GENERAL David Petraeus, the US commander in Afghanistan and most celebrated military leader of his generation, has stepped down today after a chequered year at the helm of what is America’s longest war.
At a ceremony in Kabul, Petraeus passed the baton to John Allen, a former subordinate who made his name in Iraq by striking tribal alliances considered integral in reversing al-Qaeda’s momentum after years of appalling violence.
General Petraeus oversaw a surge of tens of thousands of troops into Afghanistan in a last-ditch bid to reverse a nearly 10-year Taliban insurgency and although he has claimed some progress, violence remains at record highs.
He is leaving to head up the CIA, after a week in which Afghan President Hamid Karzai saw his younger brother and a key aide assassinated at their homes, and as NATO began transitioning areas of the country to Afghan control.
Washington has now started to draw down troop numbers under a controversial timetable, which General Petraeus has admitted he did not recommend, that has attracted widespread criticism for being too fast to hold onto tentative gains.
Celebrated in Washington for turning around the war in Iraq, Petraeus’ legacy in Afghanistan, however, has been less clear.
Despite the surge, UN statistics released last week show that 1,462 civilians died in the first six months of 2011, an increase of 15 per cent, and putting this year on track to be the deadliest in a decade.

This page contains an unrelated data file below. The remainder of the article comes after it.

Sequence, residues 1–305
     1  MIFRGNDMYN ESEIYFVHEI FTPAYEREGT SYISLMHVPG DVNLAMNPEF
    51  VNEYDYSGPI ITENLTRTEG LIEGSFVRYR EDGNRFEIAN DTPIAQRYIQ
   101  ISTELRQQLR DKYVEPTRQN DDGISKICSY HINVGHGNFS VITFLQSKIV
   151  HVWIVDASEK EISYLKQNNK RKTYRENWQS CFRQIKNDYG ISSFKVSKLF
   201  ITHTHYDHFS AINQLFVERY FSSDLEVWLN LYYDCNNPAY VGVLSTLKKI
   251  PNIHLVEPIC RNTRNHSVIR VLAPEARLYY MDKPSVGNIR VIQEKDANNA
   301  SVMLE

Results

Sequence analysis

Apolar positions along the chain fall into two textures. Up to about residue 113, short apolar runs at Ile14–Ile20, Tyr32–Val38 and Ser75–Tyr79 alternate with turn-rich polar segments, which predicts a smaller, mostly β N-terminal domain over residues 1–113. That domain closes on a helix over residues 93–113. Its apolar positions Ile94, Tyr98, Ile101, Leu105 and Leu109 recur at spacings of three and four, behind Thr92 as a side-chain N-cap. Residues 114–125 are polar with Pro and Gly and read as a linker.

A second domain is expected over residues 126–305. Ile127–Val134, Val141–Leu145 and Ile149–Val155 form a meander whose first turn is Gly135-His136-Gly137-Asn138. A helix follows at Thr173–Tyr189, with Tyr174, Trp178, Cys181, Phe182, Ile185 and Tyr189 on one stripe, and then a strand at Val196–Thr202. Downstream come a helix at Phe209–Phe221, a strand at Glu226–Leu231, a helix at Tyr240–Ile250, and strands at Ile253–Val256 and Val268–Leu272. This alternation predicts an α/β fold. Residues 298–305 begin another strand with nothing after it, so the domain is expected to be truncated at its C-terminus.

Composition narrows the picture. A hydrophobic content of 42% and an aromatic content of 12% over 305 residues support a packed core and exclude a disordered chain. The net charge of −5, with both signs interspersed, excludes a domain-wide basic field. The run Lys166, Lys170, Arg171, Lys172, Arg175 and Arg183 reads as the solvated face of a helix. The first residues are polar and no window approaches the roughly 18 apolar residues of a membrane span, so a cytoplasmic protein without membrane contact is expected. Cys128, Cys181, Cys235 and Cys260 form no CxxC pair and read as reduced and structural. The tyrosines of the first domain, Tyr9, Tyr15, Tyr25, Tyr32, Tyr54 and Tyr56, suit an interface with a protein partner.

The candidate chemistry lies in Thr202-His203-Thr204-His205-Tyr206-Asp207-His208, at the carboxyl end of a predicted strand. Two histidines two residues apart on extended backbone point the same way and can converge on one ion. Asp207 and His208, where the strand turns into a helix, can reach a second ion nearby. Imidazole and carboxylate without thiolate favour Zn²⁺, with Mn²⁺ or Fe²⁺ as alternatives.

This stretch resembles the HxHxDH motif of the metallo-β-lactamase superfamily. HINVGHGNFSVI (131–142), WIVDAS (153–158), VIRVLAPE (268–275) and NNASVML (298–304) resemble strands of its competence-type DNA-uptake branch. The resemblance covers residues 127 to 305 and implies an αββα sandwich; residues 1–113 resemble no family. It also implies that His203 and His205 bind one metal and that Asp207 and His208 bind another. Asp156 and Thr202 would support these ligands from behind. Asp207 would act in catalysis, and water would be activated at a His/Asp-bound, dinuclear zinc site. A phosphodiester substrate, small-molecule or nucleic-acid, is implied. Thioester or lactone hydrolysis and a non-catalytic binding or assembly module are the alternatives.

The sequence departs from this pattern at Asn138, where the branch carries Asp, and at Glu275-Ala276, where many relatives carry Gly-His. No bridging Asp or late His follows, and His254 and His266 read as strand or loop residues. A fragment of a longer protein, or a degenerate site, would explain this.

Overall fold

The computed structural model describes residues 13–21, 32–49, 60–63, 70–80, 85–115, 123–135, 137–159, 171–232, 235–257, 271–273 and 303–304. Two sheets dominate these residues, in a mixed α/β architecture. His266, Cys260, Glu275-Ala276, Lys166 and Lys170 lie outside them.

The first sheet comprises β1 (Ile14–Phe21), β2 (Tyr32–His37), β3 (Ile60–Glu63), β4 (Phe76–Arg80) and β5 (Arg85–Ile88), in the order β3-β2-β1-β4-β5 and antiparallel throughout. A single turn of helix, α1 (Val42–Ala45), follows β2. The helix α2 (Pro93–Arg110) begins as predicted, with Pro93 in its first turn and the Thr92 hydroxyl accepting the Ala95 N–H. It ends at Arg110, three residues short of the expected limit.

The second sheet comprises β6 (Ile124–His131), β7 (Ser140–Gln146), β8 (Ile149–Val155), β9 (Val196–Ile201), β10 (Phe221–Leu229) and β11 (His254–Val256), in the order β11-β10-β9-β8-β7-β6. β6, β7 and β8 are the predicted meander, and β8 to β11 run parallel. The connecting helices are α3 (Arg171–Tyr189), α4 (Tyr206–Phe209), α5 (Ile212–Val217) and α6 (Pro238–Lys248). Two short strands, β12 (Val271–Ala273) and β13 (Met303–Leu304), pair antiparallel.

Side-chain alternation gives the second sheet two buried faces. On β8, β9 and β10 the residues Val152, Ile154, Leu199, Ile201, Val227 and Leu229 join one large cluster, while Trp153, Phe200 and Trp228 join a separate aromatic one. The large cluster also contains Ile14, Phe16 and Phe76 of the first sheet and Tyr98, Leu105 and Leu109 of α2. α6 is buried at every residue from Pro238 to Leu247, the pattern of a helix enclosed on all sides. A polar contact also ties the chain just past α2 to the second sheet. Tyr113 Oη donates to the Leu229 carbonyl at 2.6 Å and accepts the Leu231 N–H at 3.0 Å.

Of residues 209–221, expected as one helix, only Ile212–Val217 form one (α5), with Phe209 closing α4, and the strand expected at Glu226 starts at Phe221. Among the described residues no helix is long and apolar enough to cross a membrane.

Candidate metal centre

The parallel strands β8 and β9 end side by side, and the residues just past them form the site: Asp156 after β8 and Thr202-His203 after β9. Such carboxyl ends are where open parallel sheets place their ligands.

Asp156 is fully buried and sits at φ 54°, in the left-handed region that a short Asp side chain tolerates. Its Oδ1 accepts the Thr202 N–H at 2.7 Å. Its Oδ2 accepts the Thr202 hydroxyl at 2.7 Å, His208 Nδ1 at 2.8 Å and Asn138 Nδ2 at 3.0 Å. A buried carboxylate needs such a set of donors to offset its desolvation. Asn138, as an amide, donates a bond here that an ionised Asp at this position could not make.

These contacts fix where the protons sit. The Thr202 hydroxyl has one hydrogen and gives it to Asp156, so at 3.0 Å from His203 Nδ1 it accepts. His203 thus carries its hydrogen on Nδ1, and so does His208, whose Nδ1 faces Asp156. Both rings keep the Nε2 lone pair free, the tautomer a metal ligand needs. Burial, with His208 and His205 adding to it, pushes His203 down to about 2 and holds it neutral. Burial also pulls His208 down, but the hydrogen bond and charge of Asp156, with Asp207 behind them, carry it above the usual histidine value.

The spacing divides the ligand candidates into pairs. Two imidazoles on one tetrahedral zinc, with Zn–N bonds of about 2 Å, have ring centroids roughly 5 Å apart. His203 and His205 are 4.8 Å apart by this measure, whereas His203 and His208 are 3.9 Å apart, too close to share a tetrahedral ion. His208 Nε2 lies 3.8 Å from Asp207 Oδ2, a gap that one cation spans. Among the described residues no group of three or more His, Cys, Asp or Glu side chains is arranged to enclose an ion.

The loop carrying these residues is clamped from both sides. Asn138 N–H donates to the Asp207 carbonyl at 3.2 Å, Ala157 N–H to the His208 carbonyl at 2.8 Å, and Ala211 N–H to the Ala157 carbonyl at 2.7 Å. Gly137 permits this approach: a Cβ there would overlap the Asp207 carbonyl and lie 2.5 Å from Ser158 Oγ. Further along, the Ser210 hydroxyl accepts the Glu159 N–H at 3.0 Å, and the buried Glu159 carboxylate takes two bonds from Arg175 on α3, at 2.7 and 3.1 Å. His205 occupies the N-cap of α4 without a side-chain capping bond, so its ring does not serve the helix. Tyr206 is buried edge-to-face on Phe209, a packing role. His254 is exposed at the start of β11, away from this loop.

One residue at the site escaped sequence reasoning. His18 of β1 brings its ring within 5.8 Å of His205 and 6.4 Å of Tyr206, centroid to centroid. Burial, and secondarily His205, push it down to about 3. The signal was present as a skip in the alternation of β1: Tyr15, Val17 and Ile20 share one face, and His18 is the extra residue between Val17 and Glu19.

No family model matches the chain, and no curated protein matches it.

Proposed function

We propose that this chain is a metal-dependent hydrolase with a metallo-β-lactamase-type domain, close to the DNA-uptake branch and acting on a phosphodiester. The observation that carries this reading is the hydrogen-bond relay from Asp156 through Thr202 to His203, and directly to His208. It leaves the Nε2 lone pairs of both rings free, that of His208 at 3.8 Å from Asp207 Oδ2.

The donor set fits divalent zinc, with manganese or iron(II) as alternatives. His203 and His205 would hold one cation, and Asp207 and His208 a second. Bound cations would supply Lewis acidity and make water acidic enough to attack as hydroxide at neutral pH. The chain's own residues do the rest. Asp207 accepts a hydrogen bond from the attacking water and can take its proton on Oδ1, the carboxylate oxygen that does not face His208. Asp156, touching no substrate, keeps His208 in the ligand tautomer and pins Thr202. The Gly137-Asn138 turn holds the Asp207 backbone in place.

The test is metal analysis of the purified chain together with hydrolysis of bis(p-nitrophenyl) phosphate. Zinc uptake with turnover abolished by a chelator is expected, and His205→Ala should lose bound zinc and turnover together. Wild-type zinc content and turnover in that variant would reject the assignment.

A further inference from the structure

Last Tuesday’s killing of Ahmed Wali Karzai, probably the most powerful man in southern Afghanistan and younger half-brother of the Afghan president, has also been considered a threat to US gains against the Taliban in Kandahar.
Last night’s killing of his senior adviser Jan Mohammad Khan, a former governor of southern Uruzgan province, in a raid on his Kabul home, has also been seen as another loss for the president.
The Taliban claimed responsibility for both the killings.
General Petraeus took charge in Afghanistan in extraordinary circumstances after US President Barack Obama sacked his predecessor, Stanley McChrystal, over scathing remarks made to Rolling Stone magazine about the White House administration.
He oversaw his trademark counter-insurgency teachings, which were deemed to have been so successful in Iraq, backed by a build-up of more than 30,000 extra US troops, now due to go home by the end of 2012.
But although the military is seen to have inflicted heavy casualties among the Taliban, particularly in the south, it has struggled to harness a tribal “awakening” of the type so instrumental in Iraq.
A day before Petraeus stepped down, a ceremony was held in central Bamyan province marking the start of a security transition from NATO to Afghan forces, a process that will see the departure of all foreign troops by 2014.
Analysts have already warned that the killing of Wali Karzai may trigger a turf war for control of the critical southern heartland that could embolden the Taliban and reverse NATO gains.
The killings – and a Taliban attack on the Intercontinental hotel in the heart of Kabul last month that left 21 dead – have fuelled doubts about the readiness of Afghans to manage national security.
After nearly 10 years of war, there are still around 150,000 foreign troops in Afghanistan, including nearly 100,000 from the US.